Still Cause for Hope? Insights into Family Practice in Two Rural Areas in Northrhine-Westfalia
DOI: 10.3238/zfa.2012.0037-0042german translation / full article
Introduction: In some rural, structurally weak areas in Germany, primary medical care is in peril. Fewer family practitioners have to care for a relative constant number of patients (shortage of future family physicians, demographic change). Aim of this qualitative study is to discern the concrete situation of medical care and daily practice from the perspective of the involved actors in two rural areas of Northrhine-Westfalia. Solutions for the securing of family practices which so far have not yet been discussed should be identified on the basis of sound knowledge of the local conditions.
Material and Methods: Data about the situation of primary care were gathered by structured telephone interviews with the family practitioners. After that the perspective of professions involved in the health care of the population was examined by qualitative interviews. 14 interviews with 16 interviewees were conducted, including five of the seven family practitioners in the region.
Results: Family practitioners in both regions see the future safeguard for family practice in peril, if there is nothing done against the actual developments in health care politics. They criticise insufficient and uncertain financing and growing bureaucratic and administrative tasks. Strongly criticised is the growing restriction of the scope in family practice, which is a form of deprofessionalisation. The interviews show a feeling of lacking acknowledgement from the health care system and society. Family medicine itself is nevertheless highly valued by the family practitioners. Especially the intensive doctor-patient-relationship in family practice in rural areas is a source for professional contentment.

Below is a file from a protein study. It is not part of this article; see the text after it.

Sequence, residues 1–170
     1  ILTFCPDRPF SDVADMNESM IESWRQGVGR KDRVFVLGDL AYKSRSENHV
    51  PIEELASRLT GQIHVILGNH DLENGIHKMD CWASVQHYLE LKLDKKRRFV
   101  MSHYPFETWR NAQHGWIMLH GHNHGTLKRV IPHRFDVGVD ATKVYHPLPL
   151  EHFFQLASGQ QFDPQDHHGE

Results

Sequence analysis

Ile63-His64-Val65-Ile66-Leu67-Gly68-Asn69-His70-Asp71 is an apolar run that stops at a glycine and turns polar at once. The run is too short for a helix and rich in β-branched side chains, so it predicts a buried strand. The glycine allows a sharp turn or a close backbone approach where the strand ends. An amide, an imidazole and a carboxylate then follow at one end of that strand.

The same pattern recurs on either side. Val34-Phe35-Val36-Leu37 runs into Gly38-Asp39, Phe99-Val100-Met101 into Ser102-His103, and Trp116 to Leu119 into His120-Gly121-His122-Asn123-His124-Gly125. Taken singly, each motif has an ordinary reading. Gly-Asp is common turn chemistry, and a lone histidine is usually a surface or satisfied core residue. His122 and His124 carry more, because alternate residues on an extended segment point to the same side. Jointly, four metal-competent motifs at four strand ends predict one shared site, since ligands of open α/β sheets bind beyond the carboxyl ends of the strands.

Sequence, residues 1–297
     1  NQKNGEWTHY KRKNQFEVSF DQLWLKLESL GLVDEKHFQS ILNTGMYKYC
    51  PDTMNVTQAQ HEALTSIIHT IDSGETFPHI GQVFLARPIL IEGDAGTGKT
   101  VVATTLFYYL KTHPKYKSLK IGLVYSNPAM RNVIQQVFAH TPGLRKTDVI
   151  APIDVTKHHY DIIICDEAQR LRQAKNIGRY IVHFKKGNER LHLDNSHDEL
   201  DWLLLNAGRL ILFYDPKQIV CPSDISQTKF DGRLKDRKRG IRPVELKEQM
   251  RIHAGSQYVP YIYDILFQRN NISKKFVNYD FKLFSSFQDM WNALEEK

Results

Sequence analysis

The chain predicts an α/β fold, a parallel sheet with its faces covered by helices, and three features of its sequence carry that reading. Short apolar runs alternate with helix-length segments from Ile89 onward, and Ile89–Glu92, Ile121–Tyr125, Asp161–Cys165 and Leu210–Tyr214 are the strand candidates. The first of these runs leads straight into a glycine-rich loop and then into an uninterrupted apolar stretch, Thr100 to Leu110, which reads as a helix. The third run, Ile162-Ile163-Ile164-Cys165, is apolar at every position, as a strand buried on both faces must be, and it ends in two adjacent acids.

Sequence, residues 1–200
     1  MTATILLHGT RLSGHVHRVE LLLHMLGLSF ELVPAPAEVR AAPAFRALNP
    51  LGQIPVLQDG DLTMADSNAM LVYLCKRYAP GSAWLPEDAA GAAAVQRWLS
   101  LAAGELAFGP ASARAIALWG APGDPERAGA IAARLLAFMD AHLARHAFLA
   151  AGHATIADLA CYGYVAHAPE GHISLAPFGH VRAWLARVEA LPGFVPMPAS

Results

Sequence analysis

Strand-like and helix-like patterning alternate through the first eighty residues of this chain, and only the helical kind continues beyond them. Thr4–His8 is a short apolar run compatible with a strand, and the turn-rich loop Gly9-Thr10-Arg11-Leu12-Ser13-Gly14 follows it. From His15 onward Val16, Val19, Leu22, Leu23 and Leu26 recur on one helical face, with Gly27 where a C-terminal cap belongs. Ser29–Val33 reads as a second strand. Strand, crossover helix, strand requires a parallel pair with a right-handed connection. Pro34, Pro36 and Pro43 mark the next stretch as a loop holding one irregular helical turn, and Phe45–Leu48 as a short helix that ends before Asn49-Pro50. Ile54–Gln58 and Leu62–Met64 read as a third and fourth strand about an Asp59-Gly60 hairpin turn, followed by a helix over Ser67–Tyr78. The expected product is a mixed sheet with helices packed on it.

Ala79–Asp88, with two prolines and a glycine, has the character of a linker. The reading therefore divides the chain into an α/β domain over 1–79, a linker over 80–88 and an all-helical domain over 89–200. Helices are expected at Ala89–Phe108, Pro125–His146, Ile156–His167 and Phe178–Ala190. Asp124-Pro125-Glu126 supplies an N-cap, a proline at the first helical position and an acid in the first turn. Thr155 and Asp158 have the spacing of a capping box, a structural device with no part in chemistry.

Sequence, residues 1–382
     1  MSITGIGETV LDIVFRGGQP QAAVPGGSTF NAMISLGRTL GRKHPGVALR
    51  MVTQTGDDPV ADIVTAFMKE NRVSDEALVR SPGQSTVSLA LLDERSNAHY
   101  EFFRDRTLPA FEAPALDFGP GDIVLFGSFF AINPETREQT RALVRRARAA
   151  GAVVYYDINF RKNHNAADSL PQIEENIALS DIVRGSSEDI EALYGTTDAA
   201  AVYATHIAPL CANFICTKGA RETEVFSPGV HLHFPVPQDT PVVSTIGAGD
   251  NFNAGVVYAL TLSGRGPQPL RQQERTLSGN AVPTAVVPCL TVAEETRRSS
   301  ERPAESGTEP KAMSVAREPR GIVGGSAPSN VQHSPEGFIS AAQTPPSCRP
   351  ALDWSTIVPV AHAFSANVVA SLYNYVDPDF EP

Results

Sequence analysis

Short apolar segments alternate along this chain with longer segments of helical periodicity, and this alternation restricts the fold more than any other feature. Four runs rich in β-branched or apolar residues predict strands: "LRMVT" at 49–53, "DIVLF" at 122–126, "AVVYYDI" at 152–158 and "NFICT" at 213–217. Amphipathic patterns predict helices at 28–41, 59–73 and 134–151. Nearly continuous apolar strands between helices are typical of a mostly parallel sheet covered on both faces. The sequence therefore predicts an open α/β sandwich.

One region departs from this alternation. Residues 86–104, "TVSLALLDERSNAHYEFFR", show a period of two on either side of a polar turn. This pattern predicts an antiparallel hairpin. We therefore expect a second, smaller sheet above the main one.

Conclusion: Varying context factors prove to be important for the family practice of the patients even within regionally restricted areas. We identified the professional self-conception that has to change according to new forms of cooperation as well as the necessity to develop a culture of dialog that aims for patient-centred and decentral primary care.